Amanda Pineo



Document Type



World War II permanently changed the state of global politics, establishing the United States as a major superpower. In particular, the creation of the atomic bomb at the end of the war ushered in a new era of nuclear tension and a Cold War between the United States and Soviet Union, in which each side was pushed to marshal resources – foreign and domestic, cultural and political, at all levels – in support of its cause. The purpose of this research is to provide an analysis of the impact of the Cold War on American public primary and secondary schools, particularly focusing on changes in curriculum as a result of pressures from the Soviet Union and the influence of the federal government. In order to respond to the Soviet threat and maintain the U.S.’s status, public schools utilized their influence by instilling “American” values and conditioning children to be future contributors to society by focusing more heavily on mathematics, science, physical education, and foreign languages. By exploring primary and secondary sources, I analyze the changes in public school functions within the context of the onset of the Cold War (1947-1968). Utilizing these sources, which include federal acts, Massachusetts Board of Education reports, funding directives, and curricula, this research aims to show what specific changes were enacted by schools in order to mold pupils into ideal members of society during the Cold War. This research will contribute to existing literature on education in late twentieth-century America, which has shaped the needs and goals of education in the new millennium. My findings emphasize the deep and lasting impact that a war of such magnitude has had on society. In addition, it shows how American public schools responded to the Cold War in order to help current and future educators fully understand and utilize their influence in divisive times.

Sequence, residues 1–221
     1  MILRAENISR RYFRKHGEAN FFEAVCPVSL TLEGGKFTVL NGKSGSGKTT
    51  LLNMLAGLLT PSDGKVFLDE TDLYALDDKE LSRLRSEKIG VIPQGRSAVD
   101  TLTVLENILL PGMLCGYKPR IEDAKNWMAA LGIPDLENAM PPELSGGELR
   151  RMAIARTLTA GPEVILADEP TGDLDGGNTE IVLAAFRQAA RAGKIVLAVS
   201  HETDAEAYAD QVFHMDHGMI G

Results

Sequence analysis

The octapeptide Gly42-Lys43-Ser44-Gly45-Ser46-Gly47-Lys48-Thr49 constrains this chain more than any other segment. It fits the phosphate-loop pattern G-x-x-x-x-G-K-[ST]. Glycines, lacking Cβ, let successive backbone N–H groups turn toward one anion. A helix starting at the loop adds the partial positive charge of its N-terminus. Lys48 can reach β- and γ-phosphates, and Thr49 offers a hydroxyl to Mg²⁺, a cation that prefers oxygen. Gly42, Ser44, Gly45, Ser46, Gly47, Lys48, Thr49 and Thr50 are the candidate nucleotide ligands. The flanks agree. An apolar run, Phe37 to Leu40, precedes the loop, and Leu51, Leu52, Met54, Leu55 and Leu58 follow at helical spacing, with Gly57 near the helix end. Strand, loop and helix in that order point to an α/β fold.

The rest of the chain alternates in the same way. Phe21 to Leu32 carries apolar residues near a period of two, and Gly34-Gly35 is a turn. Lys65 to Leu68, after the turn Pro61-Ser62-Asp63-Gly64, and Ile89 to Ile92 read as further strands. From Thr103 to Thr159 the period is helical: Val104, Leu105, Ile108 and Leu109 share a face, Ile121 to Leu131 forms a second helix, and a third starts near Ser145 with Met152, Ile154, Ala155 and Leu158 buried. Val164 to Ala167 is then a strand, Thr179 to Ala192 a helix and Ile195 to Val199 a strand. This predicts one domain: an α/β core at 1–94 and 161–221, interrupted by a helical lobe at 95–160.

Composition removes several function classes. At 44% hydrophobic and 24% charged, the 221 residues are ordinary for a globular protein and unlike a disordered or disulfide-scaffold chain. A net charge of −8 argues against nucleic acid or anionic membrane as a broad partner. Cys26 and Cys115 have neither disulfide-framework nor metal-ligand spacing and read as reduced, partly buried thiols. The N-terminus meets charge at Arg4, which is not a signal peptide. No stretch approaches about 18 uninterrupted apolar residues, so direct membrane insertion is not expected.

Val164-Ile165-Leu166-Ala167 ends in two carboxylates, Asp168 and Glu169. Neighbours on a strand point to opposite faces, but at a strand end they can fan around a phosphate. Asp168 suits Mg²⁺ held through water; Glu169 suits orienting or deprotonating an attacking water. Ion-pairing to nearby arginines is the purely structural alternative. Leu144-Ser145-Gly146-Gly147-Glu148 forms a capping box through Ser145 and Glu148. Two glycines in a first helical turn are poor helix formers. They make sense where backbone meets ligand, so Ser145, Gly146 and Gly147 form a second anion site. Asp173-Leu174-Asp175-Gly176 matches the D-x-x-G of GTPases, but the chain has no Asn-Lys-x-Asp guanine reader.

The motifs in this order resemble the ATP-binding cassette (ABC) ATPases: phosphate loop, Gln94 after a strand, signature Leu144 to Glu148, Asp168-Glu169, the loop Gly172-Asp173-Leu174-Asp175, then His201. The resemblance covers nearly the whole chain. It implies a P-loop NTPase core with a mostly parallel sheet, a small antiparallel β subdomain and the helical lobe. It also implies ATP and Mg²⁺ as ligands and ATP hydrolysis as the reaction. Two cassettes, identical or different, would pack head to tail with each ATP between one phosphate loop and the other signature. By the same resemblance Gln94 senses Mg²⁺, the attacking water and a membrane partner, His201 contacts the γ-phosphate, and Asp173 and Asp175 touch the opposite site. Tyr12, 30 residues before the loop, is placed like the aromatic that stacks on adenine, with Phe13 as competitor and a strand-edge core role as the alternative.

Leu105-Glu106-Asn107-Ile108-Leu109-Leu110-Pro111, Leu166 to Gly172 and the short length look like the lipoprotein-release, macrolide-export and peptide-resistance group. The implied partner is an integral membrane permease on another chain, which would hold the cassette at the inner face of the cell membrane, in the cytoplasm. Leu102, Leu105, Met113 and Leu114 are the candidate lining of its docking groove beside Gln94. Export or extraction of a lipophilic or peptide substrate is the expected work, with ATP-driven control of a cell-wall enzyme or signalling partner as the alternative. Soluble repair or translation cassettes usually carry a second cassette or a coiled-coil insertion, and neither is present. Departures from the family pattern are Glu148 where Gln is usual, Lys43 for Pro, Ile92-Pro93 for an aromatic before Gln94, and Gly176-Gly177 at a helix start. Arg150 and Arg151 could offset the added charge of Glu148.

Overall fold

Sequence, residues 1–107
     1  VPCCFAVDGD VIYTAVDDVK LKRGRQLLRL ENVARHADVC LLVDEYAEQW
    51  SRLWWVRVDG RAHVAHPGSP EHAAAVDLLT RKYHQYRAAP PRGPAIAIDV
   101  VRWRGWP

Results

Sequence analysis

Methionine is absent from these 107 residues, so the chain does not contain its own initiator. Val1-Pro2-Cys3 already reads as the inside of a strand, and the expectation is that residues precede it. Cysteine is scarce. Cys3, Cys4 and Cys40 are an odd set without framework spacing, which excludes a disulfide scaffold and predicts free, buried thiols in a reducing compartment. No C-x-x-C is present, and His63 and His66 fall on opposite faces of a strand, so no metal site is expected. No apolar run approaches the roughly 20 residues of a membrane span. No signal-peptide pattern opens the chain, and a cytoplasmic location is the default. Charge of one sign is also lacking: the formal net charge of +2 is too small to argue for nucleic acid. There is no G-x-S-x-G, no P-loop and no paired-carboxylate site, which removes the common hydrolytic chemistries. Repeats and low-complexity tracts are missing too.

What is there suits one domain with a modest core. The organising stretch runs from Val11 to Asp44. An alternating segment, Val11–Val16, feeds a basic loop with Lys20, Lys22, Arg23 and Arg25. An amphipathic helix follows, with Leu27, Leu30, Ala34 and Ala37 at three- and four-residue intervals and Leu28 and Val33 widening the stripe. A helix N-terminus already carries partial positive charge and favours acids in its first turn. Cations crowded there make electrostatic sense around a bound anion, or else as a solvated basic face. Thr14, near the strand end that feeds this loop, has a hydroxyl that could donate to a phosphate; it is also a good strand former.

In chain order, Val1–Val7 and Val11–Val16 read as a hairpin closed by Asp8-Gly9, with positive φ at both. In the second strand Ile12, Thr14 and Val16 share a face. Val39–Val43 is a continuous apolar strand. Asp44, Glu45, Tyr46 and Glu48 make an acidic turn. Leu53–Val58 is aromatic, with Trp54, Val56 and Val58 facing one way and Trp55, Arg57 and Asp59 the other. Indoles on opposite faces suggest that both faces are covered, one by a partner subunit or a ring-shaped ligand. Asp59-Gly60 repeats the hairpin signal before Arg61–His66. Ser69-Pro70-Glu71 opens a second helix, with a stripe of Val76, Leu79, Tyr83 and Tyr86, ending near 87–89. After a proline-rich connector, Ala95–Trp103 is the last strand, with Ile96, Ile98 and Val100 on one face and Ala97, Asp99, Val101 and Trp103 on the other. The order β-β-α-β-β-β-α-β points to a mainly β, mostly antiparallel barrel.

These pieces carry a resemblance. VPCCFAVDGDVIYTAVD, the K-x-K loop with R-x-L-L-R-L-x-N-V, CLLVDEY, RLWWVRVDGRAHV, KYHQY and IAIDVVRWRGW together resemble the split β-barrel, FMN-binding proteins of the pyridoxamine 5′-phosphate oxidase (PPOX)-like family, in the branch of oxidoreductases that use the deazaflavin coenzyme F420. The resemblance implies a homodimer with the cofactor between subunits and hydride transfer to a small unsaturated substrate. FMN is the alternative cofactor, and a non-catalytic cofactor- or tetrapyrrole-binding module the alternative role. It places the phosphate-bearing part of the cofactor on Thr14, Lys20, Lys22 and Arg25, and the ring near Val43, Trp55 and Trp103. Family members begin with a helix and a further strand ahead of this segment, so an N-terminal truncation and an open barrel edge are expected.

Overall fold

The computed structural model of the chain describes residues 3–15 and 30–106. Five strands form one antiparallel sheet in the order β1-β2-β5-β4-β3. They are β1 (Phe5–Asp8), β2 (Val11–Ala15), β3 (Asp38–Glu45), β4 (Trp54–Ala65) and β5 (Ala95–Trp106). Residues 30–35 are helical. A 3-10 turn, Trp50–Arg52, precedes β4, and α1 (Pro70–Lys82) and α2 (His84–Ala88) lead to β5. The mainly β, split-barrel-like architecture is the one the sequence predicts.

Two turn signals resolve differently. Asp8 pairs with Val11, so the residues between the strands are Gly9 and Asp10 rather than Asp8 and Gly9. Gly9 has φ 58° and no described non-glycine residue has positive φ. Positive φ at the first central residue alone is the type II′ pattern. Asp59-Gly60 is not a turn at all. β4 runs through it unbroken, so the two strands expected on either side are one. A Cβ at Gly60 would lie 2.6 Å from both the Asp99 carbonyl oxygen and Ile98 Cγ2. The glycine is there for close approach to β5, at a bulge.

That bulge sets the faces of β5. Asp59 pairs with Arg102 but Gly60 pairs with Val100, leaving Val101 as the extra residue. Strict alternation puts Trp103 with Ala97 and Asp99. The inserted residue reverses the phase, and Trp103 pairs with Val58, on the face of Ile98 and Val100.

Thesis Comittee

Andrew Holman (Thesis Advisor)

Paul Rubinson

Jeanne Ingle

Copyright and Permissions

Original document was submitted as an Honors Program requirement. Copyright is held by the author.